Jane Donnelly and I attended the launch yesterday of the FLAC report on Economic, Social and Cultural Rights in Ireland. The report will be forwarded to the United Nations as part of Ireland’s questioning about its obligations under the International Covenant on Economic, Social and Cultural Rights.
Atheist Ireland was one of 50 civil society groups to participate in drafting and to endorse the report. Our primary focus was promoting the right of employees to work free from religious discrimination, and the rights of children to secular non-denominational education.
“This research is intended to provide a broader, more inclusive source of information from a wide variety of diverse organisations throughout Ireland for the Committee,” explained FLAC Director General Noeline Blackwell. “So while FLAC is presenting the report, it actually reflects the evidence from a range of organisations and individuals who are working at ground level nationally and locally to promote and defend human rights. This makes the report a strong, authentic reflection to government and the State of the lived experience of how human rights are implemented in Ireland.”
Issues arising in the report cover such areas as education, health, housing, workers’ rights, social security, employment, protection of families and cultural life. “As we did our research, we found that the recession of the last six years had done great damage to the capacity of many people to live in dignity across the broad array of rights that affect the lives of people. We did not see the evidence that the State had taken the protection of those human rights into account in the various austerity measures imposed. This remains a challenge for the State as it has a binding legal commitment to protect and promote fundamental human rights even in recessionary times.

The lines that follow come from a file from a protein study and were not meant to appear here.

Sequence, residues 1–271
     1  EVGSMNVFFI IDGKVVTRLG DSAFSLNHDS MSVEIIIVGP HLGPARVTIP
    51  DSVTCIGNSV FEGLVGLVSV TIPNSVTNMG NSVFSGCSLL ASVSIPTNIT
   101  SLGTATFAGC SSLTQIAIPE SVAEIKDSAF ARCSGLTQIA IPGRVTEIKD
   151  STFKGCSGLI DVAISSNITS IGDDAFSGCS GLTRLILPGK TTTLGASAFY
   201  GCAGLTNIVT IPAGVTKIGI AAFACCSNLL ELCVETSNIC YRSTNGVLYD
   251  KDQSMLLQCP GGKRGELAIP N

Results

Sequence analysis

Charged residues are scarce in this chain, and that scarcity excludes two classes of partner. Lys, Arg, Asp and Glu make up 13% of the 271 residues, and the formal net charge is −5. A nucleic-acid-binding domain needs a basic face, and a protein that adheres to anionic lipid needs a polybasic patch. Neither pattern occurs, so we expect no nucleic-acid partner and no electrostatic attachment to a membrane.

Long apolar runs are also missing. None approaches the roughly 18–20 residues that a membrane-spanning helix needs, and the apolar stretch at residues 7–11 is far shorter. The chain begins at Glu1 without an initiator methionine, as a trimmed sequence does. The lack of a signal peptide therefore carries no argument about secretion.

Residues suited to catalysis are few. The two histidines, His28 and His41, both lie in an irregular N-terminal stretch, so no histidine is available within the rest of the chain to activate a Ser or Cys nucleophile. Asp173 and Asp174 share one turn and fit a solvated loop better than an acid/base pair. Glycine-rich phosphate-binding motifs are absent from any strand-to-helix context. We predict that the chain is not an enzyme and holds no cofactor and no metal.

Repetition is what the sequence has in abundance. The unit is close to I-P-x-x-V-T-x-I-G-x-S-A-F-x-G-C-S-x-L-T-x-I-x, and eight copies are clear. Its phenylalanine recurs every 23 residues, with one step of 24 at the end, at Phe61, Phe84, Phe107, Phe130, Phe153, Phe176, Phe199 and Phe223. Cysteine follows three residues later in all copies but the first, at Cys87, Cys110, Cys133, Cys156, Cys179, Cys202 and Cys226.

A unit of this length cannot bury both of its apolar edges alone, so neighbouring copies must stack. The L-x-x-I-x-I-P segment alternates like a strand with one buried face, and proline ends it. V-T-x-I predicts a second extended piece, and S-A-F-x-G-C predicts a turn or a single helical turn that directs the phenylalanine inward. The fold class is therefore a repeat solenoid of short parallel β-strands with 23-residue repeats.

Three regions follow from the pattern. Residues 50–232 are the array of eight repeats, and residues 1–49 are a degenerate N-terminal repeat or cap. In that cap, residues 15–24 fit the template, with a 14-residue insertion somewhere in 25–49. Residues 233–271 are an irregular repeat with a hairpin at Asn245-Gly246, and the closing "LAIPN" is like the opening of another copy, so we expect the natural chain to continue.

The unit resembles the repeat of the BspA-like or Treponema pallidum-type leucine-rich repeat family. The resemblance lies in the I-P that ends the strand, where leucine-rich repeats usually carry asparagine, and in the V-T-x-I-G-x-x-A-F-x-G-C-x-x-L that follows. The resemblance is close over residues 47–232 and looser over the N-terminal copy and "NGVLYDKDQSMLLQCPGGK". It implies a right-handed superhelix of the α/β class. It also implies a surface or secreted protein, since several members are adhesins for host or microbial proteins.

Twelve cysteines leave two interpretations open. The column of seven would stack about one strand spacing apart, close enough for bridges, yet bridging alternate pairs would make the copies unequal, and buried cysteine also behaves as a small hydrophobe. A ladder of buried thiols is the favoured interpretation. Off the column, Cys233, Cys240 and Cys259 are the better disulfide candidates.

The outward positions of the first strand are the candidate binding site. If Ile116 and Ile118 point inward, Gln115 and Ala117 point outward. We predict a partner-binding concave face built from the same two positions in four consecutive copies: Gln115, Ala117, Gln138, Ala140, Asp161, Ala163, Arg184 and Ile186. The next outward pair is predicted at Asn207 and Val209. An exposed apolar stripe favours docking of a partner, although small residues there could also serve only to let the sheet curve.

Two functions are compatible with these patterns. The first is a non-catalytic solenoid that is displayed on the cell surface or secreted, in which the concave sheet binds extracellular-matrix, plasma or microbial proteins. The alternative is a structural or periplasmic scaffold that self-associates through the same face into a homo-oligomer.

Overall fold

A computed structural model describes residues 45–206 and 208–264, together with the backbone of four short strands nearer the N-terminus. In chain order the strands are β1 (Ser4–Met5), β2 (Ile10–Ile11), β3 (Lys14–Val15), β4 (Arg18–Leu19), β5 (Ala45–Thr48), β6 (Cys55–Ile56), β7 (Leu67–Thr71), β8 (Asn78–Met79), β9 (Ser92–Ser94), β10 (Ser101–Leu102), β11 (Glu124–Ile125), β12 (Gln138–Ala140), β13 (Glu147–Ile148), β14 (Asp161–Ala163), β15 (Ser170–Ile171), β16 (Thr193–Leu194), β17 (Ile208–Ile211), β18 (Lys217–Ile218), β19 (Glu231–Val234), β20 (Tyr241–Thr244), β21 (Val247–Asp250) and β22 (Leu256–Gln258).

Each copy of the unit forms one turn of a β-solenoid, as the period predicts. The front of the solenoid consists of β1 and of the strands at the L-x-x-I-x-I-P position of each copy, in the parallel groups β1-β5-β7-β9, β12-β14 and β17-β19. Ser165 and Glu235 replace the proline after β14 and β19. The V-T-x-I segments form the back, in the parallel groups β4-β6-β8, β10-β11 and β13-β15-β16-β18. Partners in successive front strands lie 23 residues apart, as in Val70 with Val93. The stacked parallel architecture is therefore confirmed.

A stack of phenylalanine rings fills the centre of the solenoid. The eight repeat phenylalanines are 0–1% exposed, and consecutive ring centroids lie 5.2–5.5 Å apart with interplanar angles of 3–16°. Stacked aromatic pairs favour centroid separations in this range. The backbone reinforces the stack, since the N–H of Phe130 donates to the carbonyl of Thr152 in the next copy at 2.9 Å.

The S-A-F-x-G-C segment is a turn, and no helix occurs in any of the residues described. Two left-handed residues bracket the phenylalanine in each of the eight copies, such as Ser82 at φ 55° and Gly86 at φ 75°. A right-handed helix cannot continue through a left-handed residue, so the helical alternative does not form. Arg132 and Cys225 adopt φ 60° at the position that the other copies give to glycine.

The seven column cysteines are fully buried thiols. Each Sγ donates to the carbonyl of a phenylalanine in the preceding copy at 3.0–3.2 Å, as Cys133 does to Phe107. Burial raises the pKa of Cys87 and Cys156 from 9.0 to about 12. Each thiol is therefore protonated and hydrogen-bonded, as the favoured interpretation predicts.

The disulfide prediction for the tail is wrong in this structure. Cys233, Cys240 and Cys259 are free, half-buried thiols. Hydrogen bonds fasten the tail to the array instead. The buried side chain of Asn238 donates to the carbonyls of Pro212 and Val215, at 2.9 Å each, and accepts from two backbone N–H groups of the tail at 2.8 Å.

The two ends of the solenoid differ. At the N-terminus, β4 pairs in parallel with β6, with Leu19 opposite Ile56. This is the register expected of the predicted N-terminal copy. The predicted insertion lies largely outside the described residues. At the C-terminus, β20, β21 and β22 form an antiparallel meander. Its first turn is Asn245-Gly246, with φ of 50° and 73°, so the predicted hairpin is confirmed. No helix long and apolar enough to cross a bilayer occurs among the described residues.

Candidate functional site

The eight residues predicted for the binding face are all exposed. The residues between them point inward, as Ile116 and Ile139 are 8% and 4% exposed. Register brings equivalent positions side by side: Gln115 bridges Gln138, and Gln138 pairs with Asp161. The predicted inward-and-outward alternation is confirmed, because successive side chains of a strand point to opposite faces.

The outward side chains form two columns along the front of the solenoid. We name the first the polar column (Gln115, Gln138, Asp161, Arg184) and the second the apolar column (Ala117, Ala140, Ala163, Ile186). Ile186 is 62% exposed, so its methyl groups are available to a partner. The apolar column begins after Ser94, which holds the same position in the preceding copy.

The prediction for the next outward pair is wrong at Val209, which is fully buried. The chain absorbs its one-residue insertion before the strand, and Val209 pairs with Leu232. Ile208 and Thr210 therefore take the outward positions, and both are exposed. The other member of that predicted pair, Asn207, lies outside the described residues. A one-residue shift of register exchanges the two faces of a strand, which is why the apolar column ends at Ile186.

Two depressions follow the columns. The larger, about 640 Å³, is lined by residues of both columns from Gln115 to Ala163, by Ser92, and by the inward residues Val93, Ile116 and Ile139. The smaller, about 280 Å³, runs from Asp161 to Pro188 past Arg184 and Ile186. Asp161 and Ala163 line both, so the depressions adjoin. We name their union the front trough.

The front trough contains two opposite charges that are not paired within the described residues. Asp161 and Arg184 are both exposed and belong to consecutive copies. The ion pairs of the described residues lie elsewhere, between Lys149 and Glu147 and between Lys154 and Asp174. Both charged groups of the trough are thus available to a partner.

The recommendations most relevant to Atheist Ireland in the report are:
In certain workplaces with a religious ethos, workers experience discrimination where their sexual orientation, civil/marital status or gender identity is considered to conflict with the ethos of the institution.
- Amend the Employment Equality Acts 1998-2011 as a matter of priority to remove all forms of discrimination against employees or potential employees of religious-run institutions in the fields of education and health/
There continues to be a lack of non-denominational or multi-denominational schools despite the ongoing divestment of patronage of primary schools by the Catholic Church.
- Continue the divestment of schools at a faster rate to ensure greater multi and non-denominational school options are available for school-going children
- Ensure that minority religion-schools are not disproportionately impacted by rationalisation measures.
Atheist Ireland has asked FLAC to strengthen the recommendation with regard to non-denominational schools, to reflect the concluding recommendation of the UN Human Rights Committee in July that Ireland should make non-denominational duration available throughout the State, rather than merely speeding up the divestment rate.
The relevant UN Human Rights Committee recommendation is
The Human Rights Committee is concerned about the slow progress in increasing access to secular education through the establishment of non-denominational schools, divestment of the patronage of schools and the phasing out of integrated religious curricula in schools accommodating minority faith or non-faith children.
It said Ireland should introduce legislation to prohibit discrimination in access to schools on the grounds of religion, belief or other status, and ensure that there are diverse school types and curriculum options available throughout the State party to meet the needs of minority faith or non-faith children.
Atheist Ireland will also be making a report directly to the UN Committee on Economic, Social and Cultural Rights, as part of our ongoing campaign for equality before the law, freedom of conscience and belief, and freedom from discrimination on the ground of religion in Ireland.